What you can do to protect yourself from the death of net neutrality

Stopping the death of net neutrality isn’t going to be an easy fight. We might lose. If the battle in Congress doesn’t go our way, state and local legislatures are the next stage. But even then, some parts of the USA might have to resign themselves to being used to a world where massive corporations – assembled for the purpose – can control what they see and hear and where they go online.

So, assuming the worst case scenario, that either the battle to save the free internet is comprehensively lost or we end up with a half-and-half internet and you’re in a non-neutral area, how can you protect yourself?

Your ISP has won the legal power to


Censor the news you can hear, see and read by slowing access to hostile sites – or just to any source that hasn’t paid their protection money ‘fast lane access fee.’


Unduly influence the democratic process by controlling your access to the messaging of different candidates or to points of view that their leadership disagrees with. Like this.


Interfere in your communications. If your ISP is pro-Skype and you want to talk to someone whose ISP is pro-Hangouts, you may find that you just can’t connect! (Kinda like this.)


Demand that you shell out to have access to their customers. By the time you read this, we could be getting shaken down by your ISP just to get in front of your eyeballs.


Manage your shopping preferences for you. You’ll get zippy access to whichever shops your ISP strikes a deal with, and unuseable, snail-like access to all the others.


Spy on you. This is the biggie. ISPs have always been able to see which websites you visit, though in theory they didn’t actually do so. They’re not allowed to actually spy on the content you upload and download and then share that information with anyone, except the federal government (so that’s fine then). But metadata? It’s open season.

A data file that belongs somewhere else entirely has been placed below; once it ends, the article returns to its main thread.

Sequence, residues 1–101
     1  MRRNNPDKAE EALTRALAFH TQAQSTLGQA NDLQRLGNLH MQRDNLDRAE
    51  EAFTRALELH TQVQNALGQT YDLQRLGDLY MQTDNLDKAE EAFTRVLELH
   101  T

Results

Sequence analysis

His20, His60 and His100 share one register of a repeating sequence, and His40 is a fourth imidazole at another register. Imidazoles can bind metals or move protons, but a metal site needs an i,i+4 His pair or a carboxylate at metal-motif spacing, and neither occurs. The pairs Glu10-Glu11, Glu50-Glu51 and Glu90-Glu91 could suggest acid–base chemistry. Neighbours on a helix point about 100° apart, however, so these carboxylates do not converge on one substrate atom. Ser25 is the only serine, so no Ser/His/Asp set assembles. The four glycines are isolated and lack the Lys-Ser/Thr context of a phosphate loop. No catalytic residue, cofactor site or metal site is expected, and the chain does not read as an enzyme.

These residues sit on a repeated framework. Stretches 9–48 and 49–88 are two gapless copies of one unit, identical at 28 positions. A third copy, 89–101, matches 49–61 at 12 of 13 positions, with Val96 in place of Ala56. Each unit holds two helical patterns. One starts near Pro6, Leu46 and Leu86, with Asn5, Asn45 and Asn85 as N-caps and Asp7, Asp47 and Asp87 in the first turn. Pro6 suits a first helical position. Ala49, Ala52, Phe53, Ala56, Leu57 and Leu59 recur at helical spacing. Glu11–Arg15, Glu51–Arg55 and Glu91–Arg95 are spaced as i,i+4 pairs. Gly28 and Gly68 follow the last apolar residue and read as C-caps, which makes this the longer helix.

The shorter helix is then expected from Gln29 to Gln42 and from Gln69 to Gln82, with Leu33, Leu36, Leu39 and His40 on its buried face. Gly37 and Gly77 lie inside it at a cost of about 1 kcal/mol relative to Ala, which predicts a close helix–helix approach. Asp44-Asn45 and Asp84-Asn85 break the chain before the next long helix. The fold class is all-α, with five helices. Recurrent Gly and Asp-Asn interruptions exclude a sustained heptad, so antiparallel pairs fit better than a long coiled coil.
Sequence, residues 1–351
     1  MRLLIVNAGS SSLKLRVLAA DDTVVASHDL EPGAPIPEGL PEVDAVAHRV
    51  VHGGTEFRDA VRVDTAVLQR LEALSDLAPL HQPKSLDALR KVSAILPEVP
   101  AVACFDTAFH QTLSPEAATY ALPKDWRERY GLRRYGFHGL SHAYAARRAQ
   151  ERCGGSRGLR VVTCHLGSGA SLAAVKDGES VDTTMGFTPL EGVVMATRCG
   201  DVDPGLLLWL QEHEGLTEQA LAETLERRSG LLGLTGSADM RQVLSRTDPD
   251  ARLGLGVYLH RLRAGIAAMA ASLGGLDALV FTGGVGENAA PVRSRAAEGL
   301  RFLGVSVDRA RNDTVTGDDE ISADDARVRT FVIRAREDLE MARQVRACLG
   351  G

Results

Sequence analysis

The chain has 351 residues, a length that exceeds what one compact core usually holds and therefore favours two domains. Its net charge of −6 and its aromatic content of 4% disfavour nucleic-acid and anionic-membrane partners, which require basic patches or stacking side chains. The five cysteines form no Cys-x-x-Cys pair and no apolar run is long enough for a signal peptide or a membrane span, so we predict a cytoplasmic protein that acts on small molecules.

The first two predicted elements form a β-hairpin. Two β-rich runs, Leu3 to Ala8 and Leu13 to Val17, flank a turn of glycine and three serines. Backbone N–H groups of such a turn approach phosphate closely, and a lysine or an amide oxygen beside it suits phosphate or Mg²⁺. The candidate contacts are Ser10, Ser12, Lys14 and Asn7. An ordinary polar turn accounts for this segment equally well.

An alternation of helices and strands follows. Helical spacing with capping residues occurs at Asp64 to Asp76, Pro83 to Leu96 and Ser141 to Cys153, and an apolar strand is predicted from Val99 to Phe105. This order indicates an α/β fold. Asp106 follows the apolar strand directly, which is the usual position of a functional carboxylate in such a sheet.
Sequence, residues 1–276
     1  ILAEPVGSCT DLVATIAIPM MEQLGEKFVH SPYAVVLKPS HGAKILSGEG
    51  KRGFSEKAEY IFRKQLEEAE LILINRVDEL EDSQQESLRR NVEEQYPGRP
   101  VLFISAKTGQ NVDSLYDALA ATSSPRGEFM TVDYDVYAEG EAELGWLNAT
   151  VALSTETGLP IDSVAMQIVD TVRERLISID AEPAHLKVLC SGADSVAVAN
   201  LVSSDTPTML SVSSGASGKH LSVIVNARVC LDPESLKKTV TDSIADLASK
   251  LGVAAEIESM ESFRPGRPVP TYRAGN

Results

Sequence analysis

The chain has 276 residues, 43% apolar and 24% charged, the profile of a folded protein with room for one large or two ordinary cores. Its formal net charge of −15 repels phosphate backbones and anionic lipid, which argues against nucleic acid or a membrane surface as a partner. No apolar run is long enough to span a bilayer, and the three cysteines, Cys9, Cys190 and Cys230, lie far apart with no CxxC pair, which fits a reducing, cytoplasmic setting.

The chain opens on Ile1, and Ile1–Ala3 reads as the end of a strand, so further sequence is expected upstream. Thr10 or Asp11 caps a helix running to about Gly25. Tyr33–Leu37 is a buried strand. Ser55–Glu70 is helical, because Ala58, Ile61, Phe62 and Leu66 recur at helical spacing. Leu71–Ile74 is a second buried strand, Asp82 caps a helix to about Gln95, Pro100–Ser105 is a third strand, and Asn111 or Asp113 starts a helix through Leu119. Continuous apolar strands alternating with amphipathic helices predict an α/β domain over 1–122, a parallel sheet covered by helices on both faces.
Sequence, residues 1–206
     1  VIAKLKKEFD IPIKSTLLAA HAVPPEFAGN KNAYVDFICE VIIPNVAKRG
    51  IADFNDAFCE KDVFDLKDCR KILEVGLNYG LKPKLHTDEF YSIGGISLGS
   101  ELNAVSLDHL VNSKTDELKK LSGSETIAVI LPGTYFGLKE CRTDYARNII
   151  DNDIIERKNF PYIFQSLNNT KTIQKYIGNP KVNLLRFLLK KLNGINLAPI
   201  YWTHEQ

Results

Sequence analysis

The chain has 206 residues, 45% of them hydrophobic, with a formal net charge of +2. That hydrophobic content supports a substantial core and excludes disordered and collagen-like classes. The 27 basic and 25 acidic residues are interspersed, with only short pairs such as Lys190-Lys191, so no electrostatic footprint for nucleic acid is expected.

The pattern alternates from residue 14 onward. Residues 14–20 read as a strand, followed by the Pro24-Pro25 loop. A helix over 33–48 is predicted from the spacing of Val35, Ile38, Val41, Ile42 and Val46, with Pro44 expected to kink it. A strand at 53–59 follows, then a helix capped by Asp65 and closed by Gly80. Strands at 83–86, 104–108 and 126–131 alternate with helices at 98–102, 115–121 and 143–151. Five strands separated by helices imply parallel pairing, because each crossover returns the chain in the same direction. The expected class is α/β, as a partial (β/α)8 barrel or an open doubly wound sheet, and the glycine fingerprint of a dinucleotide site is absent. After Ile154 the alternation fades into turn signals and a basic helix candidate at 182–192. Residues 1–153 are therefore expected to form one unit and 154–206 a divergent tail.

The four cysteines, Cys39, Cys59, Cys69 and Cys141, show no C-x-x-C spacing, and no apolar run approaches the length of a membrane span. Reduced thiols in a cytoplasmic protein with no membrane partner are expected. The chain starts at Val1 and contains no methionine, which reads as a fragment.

The FCC proposed privacy regulations last year that were shot down by Congress. As a result, there’s nothing – apart from a voluntary code of conduct – to stop your ISP collecting all the IP addresses of all the websites you visit, bundling that data and selling it to the highest bidder.

Your government.

Some sleazy data shop that traffics in maybe-reliable info in divorce cases or other legal proceedings.

Your boss.

Defend yourself with a VPN

Thing is, in order to do those things, your ISP has to be able to see what’s in your data packets.

A data packet is basically the crucial technical innovation that makes the internet possible. Digital information – pictures, sounds – is broken up, bundled into packets and sent out over the network. At the other end, another computer reassembles the packets and you can see your mom asking you if you’re eating enough.

Your ISP can’t throttle your connection to one website, but not to another, if it can’t tell where your packets are headed.

So, one way you can fight for your own rights on a day-to-day basis is to get a good VPN – and use it!


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